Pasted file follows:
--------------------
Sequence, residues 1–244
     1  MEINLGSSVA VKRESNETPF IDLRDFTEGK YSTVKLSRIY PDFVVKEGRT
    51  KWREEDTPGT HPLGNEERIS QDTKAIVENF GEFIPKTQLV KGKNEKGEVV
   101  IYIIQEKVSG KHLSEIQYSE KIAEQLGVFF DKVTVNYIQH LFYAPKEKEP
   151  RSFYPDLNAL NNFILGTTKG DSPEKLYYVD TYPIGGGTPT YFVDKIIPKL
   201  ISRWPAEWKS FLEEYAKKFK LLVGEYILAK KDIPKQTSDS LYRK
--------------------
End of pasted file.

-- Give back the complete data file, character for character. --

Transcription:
Sequence, residues 1–244
     1  MEINLGSSVA VKRESNETPF IDLRDFTEGK YSTVKLSRIY PDFVVKEGRT
    51  KWREEDTPGT HPLGNEERIS QDTKAIVENF GEFIPKTQLV KGKNEKGEVV
   101  IYIIQEKVSG KHLSEIQYSE KIAEQLGVFF DKVTVNYIQH LFYAPKEKEP
   151  RSFYPDLNAL NNFILGTTKG DSPEKLYYVD TYPIGGGTPT YFVDKIIPKL
   201  ISRWPAEWKS FLEEYAKKFK LLVGEYILAK KDIPKQTSDS LYRK